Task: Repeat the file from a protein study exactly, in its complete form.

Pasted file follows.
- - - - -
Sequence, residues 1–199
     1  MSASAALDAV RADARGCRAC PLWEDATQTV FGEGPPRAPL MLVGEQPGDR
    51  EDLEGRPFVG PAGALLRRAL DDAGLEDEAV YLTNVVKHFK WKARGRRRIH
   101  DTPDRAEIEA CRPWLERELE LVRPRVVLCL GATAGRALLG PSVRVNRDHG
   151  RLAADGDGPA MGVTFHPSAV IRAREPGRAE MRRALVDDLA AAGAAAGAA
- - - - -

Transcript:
Sequence, residues 1–199
     1  MSASAALDAV RADARGCRAC PLWEDATQTV FGEGPPRAPL MLVGEQPGDR
    51  EDLEGRPFVG PAGALLRRAL DDAGLEDEAV YLTNVVKHFK WKARGRRRIH
   101  DTPDRAEIEA CRPWLERELE LVRPRVVLCL GATAGRALLG PSVRVNRDHG
   151  RLAADGDGPA MGVTFHPSAV IRAREPGRAE MRRALVDDLA AAGAAAGAA